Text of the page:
As the market leader for server operating systems, the majority of the existing enterprise data center footprint runs on some version of Windows Server. Of those millions of enterprise servers and VMs in the world that rely on Windows operating systems to facilitate their critical applications and data, a great deal of them are still running on end-of-life versions, like 2003.
Why would companies risk running business-critical IT on unsupported Microsoft legacy systems? Rather than dishing out criticism, let’s discuss some of the reasons behind it.
“If it isn’t broken, it doesn’t need fixing.”
This is the mentality of some enterprises toward their Microsoft legacy – keep the lights on, and no more. And they are suffering vast performance losses, and putting their applications and data at great security risks.
But this inaction isn’t entirely unwarranted. For any company trying to modernize, the obstructions can be both daunting and complex.
If you are still running legacy Windows, it is likely for a variety of reasons. Perhaps you’re locked in with application vendors that don’t support newer versions. Or maybe your tooling procedures were written specifically for Windows 2000 or 2003, and rewriting them would take up too much time and resources for you to justify in the short-term.
Maybe some of your supported legacy applications don’t possess the necessary code to easily port an upgrade, or worse, you lost the source code and no longer employ the original developers.
Then there’s the imposing and likely reality that modernizing would necessitate a laundry list of downline upgrades and costly license replacements – databases and connectors, middleware, possibly even an entire revamp of your domain. All of this could take weeks, even months, cause disruptions to the business, and require a huge investment of time and resources.
Suffice it to say, moving from 32-bit legacy Windows to 2012 or 2016 can present quite a few challenges.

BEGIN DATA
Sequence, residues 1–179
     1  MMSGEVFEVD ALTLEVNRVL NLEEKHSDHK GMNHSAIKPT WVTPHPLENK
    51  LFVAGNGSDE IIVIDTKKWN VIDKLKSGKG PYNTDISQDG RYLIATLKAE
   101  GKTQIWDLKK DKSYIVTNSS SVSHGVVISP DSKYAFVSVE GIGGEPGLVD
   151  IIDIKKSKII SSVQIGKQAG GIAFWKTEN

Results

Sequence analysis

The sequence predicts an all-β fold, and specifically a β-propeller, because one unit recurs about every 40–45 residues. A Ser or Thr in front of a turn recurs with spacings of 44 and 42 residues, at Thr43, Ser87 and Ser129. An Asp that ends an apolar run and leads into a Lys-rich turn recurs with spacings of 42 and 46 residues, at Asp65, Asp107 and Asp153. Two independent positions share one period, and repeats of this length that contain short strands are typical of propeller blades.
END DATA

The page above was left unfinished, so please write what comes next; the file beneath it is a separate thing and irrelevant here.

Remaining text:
Sure, upgrading to 2008, then to x64 version, could provide a more manageable transition for some, but there are still a multitude of time-consuming, resource-demanding changes that must be made. So, should it really come as a surprise to anyone that so much of the enterprise data center footprint is still running on legacy Windows?
The short answer is, no, not really. But that doesn’t negate the fact that running legacy Microsoft workloads can lead to catastrophic security and performance issues.
And if they aren’t already causing these issues, do you really want to wait until they do? Domain dependencies, licensing complexities, and vendor lock-in may be cumbersome hurdles, but they are not unresolvable. There are ways to address them without bringing disruptions to the business, and AWS is the ideal platform to do so.
Microsoft on AWS: beneficial short- and long-term
AWS provides a multitude of benefits for startups and enterprises alike – reduced TCO through paying for infrastructure only as needed, agility to add and replace resources on-demand instead of manually provisioning bare metal servers and equipment, and infinite scalability to increase and decrease capacity with demand via automated API and CLI calls.
But the advantages of AWS are significantly easier for startups and small companies to leverage than they are for mid-market companies and enterprises. This is no news to anyone.
What may be illuminating to you though, is that AWS can provide quick gains for legacy Windows, SQL and other Microsoft applications in the name of cost, performance and security. More importantly, it can make modernizing for the long-term far easier and more cost-efficient than on-premises infrastructure.
Here are some of the key benefits to moving your Microsoft workloads to AWS:
- Lift and shift Windows 2003 and 2008 workloads and realize a minimum of 10% cost savings, without having to modernize applications.
- Reduce TCO and avoid CapEx investment needed to upgrade entire domain and workload dependencies with on-demand infrastructure and fully compliant Windows Server and SQL licenses bundled with Amazon EC2 instances.
- Improve security and performance by executing in-place upgrades to newer versions of Windows Server with no disruptions to business as usual.
- Modernize Windows Server legacy applications by leveraging AWS Windows and .NET Developer Center tools, documentation, and code samples.
- Increase availability by leveraging HA architecture deployments with low-latency, resiliently connected availability zones.
- Gain synchronous storage replication needed by some applications that AWS natively offers.
- Enhance application flexibility by deploying in single geographic regions in a highly available manner, or in multiple geographic regions to solve global disaster recovery requirements.
If you’re running legacy Microsoft workloads on-premises and are finding it hard to modernize, you aren’t alone. But continuing to procrastinate upgrading will only diminish workload performance, and put data security and compliance at greater risk.
Don’t wait for the lights to go out. Take the first step toward modernizing your legacy Microsoft workloads by partnering with an audited AWS Managed Service Provider with Microsoft Workloads Competency status.